Her grave, which she designed herself, is in the Bois-de-Vaux Cemetery, where her neighbours include Pierre de Coubertin, founder of the International Olympic Committee, and French lexicographer Paul Robert.

The grave is covered in white flowers (cotoneasters), as requested, and is next to a white stone bench. The gravestone features five lions (her lucky number and her astrological sign). What’s more, the stele is not on the tomb but in front of it – another wish. “I don’t want a stone on my head – in case I want to return,” she explained.

Perhaps unsurprisingly, none of this – not one word about her time in Switzerland – is mentioned in the timeline of the official Chanel website, which jumps from 1945 (headline: “GIs love Chanel”) to 1954 (“Welcome back”).

Coco Chanel and the war

In 2011 a book by Hal Vaughan, a Paris-based journalist and former US intelligence officer, claimed not only that Coco Chanel was the lover of a German officer, Hans Günther von Dincklage, (which had been well-documented) but that they were spies who went on missions to Madrid and Berlin to recruit Nazi agents.

According to the book, Sleeping With The Enemy: Coco Chanel’s Secret War, which was based on recently declassified French and German intelligence, Chanel was more than just a Nazi sympathiser and collaborator – she was a “vicious anti-Semite” and numbered Nazi agent working for the Abwehr, Germany’s military intelligence agency.

The book gives her Abwehr agent number as F-7124 and code-name as “Westminster” (she had had an affair with the Duke of Westminster, one of the wealthiest men in the world).

In 2014 a documentary on France 3, L’Ombre d’un Doute (The Shadow of a Doubt), confirmed that Chanel had worked directly for German military intelligence. It was the first time a French state broadcaster admitted that Chanel had spied for the occupiers.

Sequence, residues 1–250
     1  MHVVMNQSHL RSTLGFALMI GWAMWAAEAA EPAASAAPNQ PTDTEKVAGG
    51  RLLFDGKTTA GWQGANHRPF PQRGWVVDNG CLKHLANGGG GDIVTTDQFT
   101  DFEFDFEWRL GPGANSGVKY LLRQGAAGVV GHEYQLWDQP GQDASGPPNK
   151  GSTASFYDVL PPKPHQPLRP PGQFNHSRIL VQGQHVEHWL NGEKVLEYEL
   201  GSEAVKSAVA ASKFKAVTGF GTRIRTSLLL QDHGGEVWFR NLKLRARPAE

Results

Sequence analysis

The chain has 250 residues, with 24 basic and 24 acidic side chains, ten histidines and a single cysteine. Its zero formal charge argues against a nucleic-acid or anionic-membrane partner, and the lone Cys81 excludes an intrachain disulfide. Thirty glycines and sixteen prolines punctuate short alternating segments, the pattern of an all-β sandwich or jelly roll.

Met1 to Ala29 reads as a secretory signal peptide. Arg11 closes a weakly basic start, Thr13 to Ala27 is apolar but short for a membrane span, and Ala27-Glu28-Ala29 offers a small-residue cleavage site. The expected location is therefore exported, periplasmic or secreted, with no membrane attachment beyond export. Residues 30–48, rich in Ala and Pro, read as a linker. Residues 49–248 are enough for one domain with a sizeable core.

Saved by Churchill?

When war broke out in 1939, Chanel shut her shops in Paris and during the German occupation lived in the Ritz Paris, also the residence of top German military staff. Her affair with von Dincklage facilitated this.

It also helped with the release of her nephew (who some sources claim was in fact her son) from a German prisoner-of-war camp. According to Vaughan, in return she agreed to help the Nazis via “her powerful connections in London, neutral Spain and Paris”.

After the war, while many women in France were punished for “horizontal collaboration” with German officers, Chanel was interrogated about her relationship with von Dincklage but not charged as a collaborator. “Churchill had me freed,” Chanel told her grand-niece on returning home, according to Vaughan, who interviewed the grand-niece. Some historians think UK Prime Minister Winston Churchill did this – if he did – to prevent Chanel from testifying and revealing the pro-Nazi sympathies of top British officials and royals, such as Edward VIII, whom she had got to know in the 1920s.

In 1945 Chanel moved to Lausanne, where von Dincklage joined her for part of the time. In 1951 a photo was taken of the couple in Villars sur Ollon in canton Vaud.

Following the publication of Vaughan’s book, the Chanel Group admitted in a statement that Coco Chanel had had a relationship with von Dincklage but it denied she was anti-Semitic.